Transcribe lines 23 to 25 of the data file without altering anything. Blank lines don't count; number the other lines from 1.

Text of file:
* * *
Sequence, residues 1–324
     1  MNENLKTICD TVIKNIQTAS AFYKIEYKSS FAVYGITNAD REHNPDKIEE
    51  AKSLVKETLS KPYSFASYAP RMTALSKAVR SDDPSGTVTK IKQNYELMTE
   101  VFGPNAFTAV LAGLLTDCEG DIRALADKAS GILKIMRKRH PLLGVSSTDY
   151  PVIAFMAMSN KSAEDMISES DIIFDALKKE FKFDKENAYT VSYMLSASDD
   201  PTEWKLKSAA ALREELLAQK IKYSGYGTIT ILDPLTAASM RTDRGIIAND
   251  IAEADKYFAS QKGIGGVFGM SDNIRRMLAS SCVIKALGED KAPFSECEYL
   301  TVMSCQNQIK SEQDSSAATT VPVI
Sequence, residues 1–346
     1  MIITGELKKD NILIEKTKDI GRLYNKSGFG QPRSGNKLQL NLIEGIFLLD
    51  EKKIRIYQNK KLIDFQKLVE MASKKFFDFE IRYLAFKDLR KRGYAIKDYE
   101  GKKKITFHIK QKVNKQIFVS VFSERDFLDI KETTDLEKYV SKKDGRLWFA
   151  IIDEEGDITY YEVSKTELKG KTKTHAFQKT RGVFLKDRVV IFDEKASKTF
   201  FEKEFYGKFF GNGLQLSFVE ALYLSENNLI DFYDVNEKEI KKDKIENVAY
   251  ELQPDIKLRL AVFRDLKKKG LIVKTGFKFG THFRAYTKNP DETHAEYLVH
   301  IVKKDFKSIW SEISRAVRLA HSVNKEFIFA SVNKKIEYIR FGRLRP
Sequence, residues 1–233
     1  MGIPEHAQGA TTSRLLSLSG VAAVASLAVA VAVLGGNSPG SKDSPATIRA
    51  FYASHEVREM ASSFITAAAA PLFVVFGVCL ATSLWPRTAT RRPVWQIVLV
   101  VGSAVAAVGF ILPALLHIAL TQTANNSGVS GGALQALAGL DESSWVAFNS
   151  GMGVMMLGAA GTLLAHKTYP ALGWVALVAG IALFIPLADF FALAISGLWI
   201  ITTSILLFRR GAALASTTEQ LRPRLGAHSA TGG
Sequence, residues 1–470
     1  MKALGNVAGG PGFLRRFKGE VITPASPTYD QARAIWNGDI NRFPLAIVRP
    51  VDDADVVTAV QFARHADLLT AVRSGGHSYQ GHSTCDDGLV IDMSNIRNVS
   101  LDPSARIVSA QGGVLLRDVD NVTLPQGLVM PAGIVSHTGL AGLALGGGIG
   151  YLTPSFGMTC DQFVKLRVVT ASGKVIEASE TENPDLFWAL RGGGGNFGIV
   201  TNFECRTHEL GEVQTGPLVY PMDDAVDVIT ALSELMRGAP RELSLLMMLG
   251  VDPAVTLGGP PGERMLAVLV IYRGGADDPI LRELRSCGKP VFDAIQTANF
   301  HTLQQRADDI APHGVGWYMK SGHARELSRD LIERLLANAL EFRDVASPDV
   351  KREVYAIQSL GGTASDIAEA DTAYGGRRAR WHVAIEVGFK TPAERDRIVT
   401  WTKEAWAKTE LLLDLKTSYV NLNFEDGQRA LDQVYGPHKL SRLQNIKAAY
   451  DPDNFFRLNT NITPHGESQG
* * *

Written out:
Sequence, residues 1–470
     1  MKALGNVAGG PGFLRRFKGE VITPASPTYD QARAIWNGDI NRFPLAIVRP
    51  VDDADVVTAV QFARHADLLT AVRSGGHSYQ GHSTCDDGLV IDMSNIRNVS